simme profile image

TypeScript is a superset of javascript, so it wouldn't really be possible for it to kill javascript.

The day rust becomes the norm for frontend web development, I think I'll stop building things for the web. For a server, sure, even though I much prefer go over rust, but for the frontend? I sure don't hope so.

smolinari profile image
Scott Molinari

Rust and WebAssembly are only for low level - high performance programming needs. They'll never replace JavaScript for a productive dev experience and thus can't be the reason for JavaScript's end. My 2 cents on that. :)

duacos_89 profile image
Jorge Durango

JavaScript is in advantage compared to other technologies. But it should die some day!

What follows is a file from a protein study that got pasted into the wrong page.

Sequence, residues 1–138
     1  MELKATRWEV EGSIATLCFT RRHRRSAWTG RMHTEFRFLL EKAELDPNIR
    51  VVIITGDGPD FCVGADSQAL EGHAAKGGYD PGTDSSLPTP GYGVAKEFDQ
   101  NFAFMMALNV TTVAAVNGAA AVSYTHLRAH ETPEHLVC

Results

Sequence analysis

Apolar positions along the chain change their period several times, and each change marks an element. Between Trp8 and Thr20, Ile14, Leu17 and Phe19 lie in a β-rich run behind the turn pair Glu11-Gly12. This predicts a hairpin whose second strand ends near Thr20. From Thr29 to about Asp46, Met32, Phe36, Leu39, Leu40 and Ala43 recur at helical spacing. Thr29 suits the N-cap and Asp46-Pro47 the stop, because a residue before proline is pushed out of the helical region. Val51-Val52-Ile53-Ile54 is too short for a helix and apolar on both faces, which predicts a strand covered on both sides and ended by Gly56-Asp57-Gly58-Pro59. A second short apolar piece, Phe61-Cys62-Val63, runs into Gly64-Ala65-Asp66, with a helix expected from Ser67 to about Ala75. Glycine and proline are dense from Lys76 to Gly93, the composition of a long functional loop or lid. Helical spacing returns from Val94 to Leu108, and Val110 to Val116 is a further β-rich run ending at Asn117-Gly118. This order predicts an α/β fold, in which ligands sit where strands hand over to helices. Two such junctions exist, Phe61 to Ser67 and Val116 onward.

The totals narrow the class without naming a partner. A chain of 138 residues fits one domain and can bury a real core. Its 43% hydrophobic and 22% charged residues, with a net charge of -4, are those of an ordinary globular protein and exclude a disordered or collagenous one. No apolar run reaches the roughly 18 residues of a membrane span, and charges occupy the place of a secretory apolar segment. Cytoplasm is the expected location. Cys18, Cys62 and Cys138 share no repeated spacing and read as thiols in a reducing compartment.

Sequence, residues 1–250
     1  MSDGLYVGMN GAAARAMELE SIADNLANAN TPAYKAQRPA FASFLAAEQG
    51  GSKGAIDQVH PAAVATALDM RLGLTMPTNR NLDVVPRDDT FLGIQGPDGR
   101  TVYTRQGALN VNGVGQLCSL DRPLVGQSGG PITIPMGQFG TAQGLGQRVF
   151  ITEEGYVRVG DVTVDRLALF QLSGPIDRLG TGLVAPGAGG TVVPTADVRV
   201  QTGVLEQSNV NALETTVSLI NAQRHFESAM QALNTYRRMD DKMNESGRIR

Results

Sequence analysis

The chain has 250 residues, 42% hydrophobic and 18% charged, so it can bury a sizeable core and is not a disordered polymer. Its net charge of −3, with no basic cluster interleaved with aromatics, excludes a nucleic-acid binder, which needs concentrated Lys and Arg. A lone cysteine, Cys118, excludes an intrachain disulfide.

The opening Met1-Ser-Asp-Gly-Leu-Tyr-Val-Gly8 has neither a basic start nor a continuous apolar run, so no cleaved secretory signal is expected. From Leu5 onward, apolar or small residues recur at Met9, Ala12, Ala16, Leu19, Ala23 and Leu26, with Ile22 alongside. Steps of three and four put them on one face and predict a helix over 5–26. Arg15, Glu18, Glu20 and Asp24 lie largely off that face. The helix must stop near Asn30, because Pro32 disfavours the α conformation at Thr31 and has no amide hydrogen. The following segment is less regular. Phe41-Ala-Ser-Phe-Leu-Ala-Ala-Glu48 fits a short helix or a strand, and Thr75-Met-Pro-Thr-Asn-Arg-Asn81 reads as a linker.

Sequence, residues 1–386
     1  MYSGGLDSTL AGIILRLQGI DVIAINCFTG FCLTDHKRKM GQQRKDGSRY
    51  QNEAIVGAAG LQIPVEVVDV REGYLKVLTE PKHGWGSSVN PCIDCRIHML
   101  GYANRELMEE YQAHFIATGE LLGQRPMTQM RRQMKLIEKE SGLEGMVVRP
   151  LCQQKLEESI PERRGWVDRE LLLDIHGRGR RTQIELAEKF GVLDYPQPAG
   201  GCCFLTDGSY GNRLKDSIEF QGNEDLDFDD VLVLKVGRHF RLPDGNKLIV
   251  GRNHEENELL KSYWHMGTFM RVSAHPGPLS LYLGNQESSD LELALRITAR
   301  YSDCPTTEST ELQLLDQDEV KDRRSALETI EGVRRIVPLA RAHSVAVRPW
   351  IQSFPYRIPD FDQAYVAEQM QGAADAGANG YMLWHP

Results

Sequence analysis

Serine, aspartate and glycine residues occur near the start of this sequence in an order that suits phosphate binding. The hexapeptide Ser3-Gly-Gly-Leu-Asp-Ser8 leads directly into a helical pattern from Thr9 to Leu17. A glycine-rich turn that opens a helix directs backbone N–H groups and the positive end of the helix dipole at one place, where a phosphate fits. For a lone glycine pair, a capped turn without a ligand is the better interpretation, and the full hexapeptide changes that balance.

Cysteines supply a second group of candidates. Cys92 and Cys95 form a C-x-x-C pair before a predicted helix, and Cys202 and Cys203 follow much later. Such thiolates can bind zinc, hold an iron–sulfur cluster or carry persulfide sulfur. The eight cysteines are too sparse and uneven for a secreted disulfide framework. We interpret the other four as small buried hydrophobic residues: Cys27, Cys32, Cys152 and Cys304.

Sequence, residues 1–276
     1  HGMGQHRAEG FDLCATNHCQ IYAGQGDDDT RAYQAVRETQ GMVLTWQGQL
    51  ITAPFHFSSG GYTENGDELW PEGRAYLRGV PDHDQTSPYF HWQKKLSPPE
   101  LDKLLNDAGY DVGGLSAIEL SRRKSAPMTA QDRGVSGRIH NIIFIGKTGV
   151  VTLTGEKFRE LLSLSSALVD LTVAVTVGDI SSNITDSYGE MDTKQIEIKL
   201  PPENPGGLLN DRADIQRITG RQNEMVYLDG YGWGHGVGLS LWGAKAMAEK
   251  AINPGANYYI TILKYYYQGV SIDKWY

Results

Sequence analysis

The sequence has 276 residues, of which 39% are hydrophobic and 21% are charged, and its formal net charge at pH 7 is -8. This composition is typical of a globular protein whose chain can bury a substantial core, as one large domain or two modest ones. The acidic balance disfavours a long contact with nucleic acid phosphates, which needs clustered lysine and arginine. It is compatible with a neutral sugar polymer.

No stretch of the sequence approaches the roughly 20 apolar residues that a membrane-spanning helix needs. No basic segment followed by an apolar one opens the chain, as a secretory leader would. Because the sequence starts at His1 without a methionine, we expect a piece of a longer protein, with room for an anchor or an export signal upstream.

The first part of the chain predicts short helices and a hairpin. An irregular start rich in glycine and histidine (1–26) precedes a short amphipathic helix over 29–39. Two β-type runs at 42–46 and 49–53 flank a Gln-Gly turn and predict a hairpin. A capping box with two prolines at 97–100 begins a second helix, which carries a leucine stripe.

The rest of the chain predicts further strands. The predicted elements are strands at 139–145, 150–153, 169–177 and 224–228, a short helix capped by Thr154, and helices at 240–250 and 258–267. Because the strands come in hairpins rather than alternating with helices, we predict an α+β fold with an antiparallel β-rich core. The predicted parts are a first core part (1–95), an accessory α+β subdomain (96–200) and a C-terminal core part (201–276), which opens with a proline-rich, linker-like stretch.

niu_tech profile image
niu tech

I think in the next years we should go back to the roots - get rid of the node_modules massive bloat (even the hello world app in any JS framework nowadays requires tens of MB of node_modules, including is-number, is-even and is-odd!), abandon very often failing node-gyp, use lightweight and ultrafast JS libraries like Riot.js, parallelize JS using Web Workers, simplify web development like in good old days of a single <script src="jquery.min.js"></script>. Deno and Vite are small steps in a good direction.

swyx profile image

chart source, for future editing feel free to fork it and prettify/add stuff